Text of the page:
I have to admit that I have a hate relationship with Microsoft Teams. At the end of the day, it works like most other similar tools. As I previously wrote, it takes ages to load on my MacBook Air M1. I always launch it five minutes before any conference call to give it the time to launch properly and be on time.
I also hate the fact that it doesn’t like virtual cameras too much, even if there is a solution to solve that problem.
Microsoft applications on the Mac have always been sub-par compared to their equivalent on Windows. Excel, to name one. From a business perspective, I think it may make sense. I am sure that the Mac team is much smaller than the Windows team in Microsoft.
I was a little bit surprised when I read yesterday that Teams stores authentication tokens in plain text on the machine where it is installed. This is not happening only on the Mac platform, but also in Windows and Linux.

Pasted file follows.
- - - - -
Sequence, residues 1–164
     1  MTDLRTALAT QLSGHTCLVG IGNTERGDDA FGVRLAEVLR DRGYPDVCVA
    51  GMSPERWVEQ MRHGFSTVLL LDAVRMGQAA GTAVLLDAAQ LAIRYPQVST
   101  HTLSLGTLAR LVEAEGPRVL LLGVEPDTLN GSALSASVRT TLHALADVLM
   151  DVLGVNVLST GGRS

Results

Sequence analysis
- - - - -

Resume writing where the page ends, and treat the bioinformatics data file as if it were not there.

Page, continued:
Honestly I don’t know why the Microsoft engineers were considering this as a good idea. I opened my terminal and looked for those credentials on my Mac. What I read was true. The tokens were stored in plain text at an unprivileged user level.
Vectra is the company that found the issues and this is what they say about it: “This enables attackers to modify SharePoint files, Outlook mail and calendars, and Teams chat files,” Vectra security architect Connor Peoples wrote. “Even more damaging, attackers can tamper with legitimate communications within an organization by selectively destroying, exfiltrating, or engaging in targeted phishing attacks.”
Vectra notified Microsoft about the issue and this is their reply:
“does not meet our bar for immediate servicing as it requires an attacker to first gain access to a target network,”
This is an interesting answer, and I am very surprised.